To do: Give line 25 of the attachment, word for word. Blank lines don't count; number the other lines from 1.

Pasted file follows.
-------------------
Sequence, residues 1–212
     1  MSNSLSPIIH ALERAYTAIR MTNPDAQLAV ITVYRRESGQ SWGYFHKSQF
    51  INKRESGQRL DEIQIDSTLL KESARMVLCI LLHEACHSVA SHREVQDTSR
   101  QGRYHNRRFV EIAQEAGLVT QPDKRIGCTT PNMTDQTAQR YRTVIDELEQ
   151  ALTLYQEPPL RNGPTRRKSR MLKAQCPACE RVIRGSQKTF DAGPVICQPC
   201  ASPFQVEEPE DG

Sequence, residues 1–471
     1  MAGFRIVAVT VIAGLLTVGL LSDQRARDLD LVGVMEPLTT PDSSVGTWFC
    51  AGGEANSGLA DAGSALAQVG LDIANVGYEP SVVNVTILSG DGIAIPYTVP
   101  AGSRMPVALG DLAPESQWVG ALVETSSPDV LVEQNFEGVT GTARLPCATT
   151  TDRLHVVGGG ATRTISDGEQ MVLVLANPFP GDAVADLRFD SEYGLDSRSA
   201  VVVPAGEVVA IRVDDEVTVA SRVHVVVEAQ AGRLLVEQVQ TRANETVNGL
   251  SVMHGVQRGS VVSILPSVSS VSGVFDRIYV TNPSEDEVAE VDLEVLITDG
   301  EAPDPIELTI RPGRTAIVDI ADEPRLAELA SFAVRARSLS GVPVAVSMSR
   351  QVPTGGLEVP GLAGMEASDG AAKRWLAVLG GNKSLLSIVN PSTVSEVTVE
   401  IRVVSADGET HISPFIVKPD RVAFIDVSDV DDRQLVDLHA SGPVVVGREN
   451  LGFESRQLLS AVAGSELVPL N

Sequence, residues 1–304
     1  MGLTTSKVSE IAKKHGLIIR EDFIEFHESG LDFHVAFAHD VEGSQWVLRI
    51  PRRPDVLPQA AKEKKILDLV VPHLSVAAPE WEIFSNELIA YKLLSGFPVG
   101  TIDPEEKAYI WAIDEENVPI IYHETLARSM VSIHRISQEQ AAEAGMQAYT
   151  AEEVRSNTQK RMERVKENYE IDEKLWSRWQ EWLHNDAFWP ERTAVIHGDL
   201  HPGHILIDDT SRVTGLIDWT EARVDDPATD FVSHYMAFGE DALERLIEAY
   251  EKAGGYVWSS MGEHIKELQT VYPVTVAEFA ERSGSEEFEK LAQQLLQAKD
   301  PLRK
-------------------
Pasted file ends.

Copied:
   301  PLRK